Remembering Sr Clare

We didn’t know who she was a week ago!

It took her death to bring her name to our lips and her story to our hearts.  A young woman from Derry who, as a   teenager, went on what she thought was a holiday only to find out it was a pilgrimage.  Initially reluctant, she found herself drawn to the experience and later decided to become a Religious Sister.  Her work took her to Ecuador and last week’s earthquake there, took her to Paradise. She was 33 years old. May she rest in peace.

There have been many images posted on line and words written in newspapers about Sr Clare during the week.  She died, we are told, trying to rescue children.  It’s clear she lived among them too.  Many of the images are of her playing her guitar, singing songs, smiling and always joyful.  In many of the pictures, there’s a hand holding the words or music for her, helping her in her task.  Video clips show her walking with a true bounce in her steps and joy in her journey.  It seems certain she was doing what she wanted to do – doing what God wanted her to do.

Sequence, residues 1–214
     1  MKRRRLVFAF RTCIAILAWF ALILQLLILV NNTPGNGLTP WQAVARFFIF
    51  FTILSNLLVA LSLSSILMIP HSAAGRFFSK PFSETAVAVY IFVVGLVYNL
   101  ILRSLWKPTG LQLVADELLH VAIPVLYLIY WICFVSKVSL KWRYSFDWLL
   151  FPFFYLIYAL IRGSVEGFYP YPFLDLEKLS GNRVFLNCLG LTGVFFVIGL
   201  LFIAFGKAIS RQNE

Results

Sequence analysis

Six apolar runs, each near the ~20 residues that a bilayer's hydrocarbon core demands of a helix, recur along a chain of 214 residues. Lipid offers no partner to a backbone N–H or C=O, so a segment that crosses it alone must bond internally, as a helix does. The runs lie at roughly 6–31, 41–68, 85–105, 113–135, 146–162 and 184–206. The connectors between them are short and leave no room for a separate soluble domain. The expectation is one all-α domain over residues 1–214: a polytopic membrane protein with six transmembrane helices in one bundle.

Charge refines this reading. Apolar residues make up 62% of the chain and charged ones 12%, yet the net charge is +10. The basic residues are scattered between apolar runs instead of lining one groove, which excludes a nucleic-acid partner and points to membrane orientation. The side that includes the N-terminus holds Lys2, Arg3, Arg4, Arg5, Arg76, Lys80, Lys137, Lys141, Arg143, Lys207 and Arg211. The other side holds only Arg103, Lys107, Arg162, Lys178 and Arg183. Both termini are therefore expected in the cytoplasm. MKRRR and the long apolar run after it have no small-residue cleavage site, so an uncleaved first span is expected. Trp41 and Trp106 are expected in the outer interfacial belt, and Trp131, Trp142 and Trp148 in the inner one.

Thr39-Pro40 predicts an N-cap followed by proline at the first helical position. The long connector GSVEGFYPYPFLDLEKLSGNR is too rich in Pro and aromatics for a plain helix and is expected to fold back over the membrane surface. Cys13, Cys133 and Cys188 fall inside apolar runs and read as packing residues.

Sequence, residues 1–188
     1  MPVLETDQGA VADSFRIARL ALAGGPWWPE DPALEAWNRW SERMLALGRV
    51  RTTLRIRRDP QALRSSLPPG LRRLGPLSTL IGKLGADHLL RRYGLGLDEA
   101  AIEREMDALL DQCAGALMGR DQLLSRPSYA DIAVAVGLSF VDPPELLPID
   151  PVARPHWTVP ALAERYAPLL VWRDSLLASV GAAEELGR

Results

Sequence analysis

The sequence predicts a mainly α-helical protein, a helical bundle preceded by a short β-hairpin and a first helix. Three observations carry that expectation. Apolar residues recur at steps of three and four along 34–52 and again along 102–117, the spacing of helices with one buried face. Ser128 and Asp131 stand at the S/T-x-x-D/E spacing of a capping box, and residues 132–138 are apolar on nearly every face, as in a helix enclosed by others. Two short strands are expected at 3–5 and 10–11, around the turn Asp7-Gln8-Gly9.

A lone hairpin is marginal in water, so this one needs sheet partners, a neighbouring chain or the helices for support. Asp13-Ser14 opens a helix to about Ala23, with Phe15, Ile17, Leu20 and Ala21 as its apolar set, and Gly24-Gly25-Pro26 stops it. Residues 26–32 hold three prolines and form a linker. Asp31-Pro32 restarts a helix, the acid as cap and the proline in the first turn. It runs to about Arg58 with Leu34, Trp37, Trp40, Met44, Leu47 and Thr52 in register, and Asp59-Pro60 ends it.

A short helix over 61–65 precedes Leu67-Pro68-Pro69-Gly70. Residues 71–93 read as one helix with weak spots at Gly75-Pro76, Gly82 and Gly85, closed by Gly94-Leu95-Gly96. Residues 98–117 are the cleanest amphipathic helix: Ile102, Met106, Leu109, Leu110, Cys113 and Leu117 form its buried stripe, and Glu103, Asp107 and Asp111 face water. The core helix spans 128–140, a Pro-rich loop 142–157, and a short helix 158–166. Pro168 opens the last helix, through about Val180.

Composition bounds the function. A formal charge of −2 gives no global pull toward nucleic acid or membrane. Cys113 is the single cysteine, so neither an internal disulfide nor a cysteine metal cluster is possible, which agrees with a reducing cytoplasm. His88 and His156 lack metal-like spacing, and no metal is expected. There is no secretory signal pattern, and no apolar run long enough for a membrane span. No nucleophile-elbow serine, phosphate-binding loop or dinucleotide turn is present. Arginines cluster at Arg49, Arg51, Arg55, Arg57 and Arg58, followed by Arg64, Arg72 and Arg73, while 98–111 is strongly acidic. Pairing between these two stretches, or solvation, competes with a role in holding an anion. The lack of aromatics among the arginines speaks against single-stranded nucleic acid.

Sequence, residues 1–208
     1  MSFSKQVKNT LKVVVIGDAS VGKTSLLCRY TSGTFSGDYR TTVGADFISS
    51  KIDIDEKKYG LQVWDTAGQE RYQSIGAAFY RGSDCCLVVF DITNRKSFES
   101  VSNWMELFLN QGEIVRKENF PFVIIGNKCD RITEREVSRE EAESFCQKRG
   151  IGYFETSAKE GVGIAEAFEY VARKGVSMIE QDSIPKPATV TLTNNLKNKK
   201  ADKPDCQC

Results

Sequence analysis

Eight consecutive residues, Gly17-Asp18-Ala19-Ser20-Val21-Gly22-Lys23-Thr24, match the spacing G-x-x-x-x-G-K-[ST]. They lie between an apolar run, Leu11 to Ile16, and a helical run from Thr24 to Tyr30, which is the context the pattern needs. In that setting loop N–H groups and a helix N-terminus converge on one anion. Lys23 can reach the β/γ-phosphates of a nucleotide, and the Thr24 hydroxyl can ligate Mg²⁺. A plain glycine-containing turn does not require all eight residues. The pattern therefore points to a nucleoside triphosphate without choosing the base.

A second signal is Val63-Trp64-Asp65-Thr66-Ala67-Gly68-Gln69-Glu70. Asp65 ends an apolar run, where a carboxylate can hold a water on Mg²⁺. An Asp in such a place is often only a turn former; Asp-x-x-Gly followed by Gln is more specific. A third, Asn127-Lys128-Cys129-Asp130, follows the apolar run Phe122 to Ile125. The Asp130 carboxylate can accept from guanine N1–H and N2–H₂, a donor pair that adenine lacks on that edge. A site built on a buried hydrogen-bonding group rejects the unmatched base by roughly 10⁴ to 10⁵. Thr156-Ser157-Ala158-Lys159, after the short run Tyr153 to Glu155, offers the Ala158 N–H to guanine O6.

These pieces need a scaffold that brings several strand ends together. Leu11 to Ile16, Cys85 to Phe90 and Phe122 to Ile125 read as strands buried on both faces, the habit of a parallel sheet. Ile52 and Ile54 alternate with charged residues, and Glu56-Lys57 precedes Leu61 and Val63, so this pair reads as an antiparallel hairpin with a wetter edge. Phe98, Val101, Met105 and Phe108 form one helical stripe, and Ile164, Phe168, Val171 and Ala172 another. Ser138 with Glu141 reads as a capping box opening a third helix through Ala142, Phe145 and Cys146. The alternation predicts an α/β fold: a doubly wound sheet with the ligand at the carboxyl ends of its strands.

The Gospel this weekend centres on the words of Jesus as his death approached, also at age 33, and he says to his friends “I will not be with you much longer” but goes on to tell them that they should love one another as he has loved them.  “By this love”, he told them “all will know that you are my disciples”.

Sr Clare’s discipleship is certain as is her witness to love.  This “love” takes us beyond ourselves and out of our comfort zone to be better people.  It may well be less dramatic than Ecuador, less traumatic than an earthquake but where love is lived, it makes a difference.  We see it in the care of a relative who is sick.  We find it in the enthusiasm of the classroom, the attentiveness of ambulance crew, the gentleness of a parent cradling a child.  Wherever we see it, we notice it and are better people because of it.

How best can we witness this “love” in the coming days? #LiveLife (Donal Walsh’s motto) comes to mind.